An interesting "tried and true" phenomenon occurs in manufacturing. If, at any given point in time, you only have certain ways to build something, then the things you can build in those ways are what get built. Then, because of the things you have gotten used to building, you cease looking for different ways to build, because you already have a successful product, done "the way you already do it." This phenomenon goes to the heart of the patent issue of non-obviousness. If the many advantages of other-than-metal construction were obvious to experts in the field of imperforate bowl centrifuges, such constructions would be patented, commercially available, and, in view of their claimed cost and performance superiority, even prevalent in the field. By contrast, what we see instead in the field of the industrial-volume imperforate bowl is steel and alloy centrifuges.
The inventors do not claim that conventional centrifuge construction via conventional metal-crafting has no place in many traditional products. But it is clear that a wealth of superior new material and fabrication methods for the highly stressed outer walls of centrifuges has become available, particularly since the 1970's, and that this wealth to date has been all but ignored by centrifuge makers, particularly by manufacturers building industrial-volume devices. Such manufacturers are busy building existing steel and alloy walled devices, "the way they are used to building them." They do not appear to be exploring radical new hybrid or composite construction methods for their imperforate bowl products.
These realizations led to a key design decision on the part of the inventors of the Density Screening outer wall transport system pending U.S. patent application Ser. No. 09/115,527. This decision was to explore the possible benefits to be obtained from a complete rethinking of the materials and methods of construction for the outer, collecting walls of centrifuges, from the point of view of works such as Fundamental Principles of Manufacturing Processes.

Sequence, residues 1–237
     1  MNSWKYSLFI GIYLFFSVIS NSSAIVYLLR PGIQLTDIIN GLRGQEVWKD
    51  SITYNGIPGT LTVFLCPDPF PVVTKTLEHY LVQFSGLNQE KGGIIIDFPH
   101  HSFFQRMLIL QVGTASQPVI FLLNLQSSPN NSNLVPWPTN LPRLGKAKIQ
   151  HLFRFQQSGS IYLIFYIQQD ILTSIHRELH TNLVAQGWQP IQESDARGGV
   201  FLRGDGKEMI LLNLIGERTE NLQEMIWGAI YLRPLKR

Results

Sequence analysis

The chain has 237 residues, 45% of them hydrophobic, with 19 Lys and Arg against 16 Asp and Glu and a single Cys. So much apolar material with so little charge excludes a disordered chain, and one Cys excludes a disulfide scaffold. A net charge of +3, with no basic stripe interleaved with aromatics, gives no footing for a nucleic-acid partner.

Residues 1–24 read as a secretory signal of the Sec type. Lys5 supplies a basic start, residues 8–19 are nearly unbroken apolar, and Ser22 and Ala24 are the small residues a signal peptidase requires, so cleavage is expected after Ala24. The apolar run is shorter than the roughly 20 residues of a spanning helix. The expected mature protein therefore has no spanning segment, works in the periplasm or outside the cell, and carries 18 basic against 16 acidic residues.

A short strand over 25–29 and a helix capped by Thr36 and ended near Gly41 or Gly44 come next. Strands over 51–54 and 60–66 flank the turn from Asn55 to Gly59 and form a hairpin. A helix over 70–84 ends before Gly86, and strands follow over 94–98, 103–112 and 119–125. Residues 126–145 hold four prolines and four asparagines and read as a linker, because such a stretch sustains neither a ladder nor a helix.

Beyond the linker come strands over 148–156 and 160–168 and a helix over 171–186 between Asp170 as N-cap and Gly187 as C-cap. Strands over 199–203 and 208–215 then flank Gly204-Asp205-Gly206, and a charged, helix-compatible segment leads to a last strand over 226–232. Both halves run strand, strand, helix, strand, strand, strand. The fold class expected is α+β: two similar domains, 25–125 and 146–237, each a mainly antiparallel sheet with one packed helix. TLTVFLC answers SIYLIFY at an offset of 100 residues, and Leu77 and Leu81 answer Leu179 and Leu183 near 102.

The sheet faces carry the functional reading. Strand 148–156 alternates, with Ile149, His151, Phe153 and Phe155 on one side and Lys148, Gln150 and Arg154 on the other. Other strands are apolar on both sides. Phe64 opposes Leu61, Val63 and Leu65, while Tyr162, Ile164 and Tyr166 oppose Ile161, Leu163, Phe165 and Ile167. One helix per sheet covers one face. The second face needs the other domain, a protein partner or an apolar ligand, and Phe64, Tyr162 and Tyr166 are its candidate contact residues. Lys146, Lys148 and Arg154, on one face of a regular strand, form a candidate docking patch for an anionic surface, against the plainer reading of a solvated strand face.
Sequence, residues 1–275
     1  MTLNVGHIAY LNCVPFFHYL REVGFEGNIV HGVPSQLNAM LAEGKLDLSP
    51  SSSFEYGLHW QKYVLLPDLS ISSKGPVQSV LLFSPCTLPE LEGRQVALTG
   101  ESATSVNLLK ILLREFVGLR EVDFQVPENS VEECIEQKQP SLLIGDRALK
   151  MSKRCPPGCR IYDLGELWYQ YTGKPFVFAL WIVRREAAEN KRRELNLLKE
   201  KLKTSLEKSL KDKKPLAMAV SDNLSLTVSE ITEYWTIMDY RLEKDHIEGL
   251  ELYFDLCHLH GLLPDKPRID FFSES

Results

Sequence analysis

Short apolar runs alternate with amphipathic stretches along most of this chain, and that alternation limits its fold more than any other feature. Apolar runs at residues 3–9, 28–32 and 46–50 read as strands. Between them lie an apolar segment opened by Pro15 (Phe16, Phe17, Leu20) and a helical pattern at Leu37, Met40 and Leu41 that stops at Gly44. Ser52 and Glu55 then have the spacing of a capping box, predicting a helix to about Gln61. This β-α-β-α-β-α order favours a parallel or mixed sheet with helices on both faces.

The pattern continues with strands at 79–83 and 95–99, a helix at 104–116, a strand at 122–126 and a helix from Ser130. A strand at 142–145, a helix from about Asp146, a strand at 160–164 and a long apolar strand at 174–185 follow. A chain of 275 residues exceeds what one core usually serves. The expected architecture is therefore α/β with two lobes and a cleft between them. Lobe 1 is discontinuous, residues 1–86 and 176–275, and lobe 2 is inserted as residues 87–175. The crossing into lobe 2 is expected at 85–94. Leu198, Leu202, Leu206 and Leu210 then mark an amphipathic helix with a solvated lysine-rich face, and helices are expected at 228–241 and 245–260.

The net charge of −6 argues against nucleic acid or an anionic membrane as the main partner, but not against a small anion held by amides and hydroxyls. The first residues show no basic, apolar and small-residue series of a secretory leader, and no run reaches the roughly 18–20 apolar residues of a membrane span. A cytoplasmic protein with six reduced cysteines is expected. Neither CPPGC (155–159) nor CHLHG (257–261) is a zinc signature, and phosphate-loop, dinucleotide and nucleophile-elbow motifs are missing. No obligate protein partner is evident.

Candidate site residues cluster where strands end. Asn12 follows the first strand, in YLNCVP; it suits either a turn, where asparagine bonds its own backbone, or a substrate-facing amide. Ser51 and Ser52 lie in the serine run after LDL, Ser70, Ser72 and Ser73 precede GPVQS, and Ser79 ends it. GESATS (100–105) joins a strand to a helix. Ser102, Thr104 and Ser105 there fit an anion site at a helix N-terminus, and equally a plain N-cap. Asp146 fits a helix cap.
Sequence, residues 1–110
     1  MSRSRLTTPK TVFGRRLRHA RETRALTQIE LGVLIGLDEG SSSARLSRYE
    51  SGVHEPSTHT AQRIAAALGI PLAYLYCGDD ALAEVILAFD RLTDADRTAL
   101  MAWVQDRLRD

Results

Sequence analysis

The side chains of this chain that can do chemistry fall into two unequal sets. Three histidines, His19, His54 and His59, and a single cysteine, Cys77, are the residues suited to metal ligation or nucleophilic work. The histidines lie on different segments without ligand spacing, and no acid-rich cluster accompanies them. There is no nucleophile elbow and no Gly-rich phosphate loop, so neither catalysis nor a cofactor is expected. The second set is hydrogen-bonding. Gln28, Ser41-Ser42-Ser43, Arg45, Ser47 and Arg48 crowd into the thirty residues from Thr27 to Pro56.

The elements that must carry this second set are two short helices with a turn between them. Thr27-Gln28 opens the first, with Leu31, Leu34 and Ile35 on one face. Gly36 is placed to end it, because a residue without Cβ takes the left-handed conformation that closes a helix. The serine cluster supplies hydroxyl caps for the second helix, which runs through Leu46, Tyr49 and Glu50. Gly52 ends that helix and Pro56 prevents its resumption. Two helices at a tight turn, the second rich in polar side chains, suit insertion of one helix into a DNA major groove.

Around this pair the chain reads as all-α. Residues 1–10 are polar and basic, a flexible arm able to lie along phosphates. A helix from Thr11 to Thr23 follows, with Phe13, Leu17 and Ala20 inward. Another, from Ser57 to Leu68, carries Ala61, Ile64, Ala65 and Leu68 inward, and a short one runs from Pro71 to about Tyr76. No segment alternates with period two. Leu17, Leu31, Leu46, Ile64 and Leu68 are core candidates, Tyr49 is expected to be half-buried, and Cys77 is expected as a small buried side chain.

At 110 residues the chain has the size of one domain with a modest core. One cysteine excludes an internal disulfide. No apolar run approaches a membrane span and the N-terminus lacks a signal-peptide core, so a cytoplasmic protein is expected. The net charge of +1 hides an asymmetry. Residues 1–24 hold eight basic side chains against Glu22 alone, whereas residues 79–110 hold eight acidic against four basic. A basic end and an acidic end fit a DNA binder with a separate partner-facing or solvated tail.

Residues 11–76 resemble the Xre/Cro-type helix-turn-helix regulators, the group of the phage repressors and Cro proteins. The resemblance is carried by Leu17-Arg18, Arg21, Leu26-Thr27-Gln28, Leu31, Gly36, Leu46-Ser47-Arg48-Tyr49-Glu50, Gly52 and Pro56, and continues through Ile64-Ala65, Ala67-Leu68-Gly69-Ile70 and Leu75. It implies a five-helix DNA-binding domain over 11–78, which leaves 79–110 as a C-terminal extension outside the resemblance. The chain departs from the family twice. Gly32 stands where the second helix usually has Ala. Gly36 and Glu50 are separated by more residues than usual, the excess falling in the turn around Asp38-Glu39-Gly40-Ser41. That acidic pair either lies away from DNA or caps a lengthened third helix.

This decision posed the initial manufacturing philosophy question: "If you were inventing the centrifuge afresh, today, and you had the entire breadth of old and new manufacturing processes at your disposal, what materials and what manufacturing methods would you select?" Again, this is not a question the traditional device builders appear to have asked. When the benefits of such a rethinking become apparent, it is clear that the traditional metal fabrication mindset of centrifuge builders has prevented them from seeing the obvious: that selected new materials offer extraordinary new benefits and advantages, including both greatly increased strength and far lower cost.
As research and design work continued, several related secondary questions emerged. These were: (1) Is it possible to conceptually filet a centrifuge outer wall into different layers, and then define the unique physical functions and properties ideal to achieve in each layer? (2) Would it then be desirable and practical to employ radically different materials and manufacturing methods for each such individual filet or layer of a centrifuge outer wall, so that each such member provided the ideal mix of physical characteristics and cost performance for that layer? And, (3) Might it then also occur that all of said ideally fabricated individual layers, when combined together, yield an overall design strategy far superior, both in physical characteristics and cost performance, to traditional design and construction methods, for centrifuge outer collecting walls?
The rich, multiple answers to the first question led the inventors to discard conventional manufacturing wisdom and techniques for the product in question. The answer to the secondary questions also turned out to be resounding "yes's," which answers then led to the hybrid fusion of variably-fabricated outer wall elements, each constructed using a different technology, which is the method of construction claimed in this application. This design fusion also characterizes and made possible the Density Screening outer transport wall geometry method claimed pending U.S. patent application Ser. No. 09/115.527.
In a nutshell, the inventors first realized that, if all required physical and structural requirements for centrifuge outer walls could be achieve by building centrifuges of a combination of (1) castings made of relatively inexpensive aluminum or ceramic, (2) chemically hardened wear surfaces, (3) plastics and (4) high-tensile strength reinforcing fibers, the resulting devices should be far less expensive than traditional art built of high-strength steels or alloys.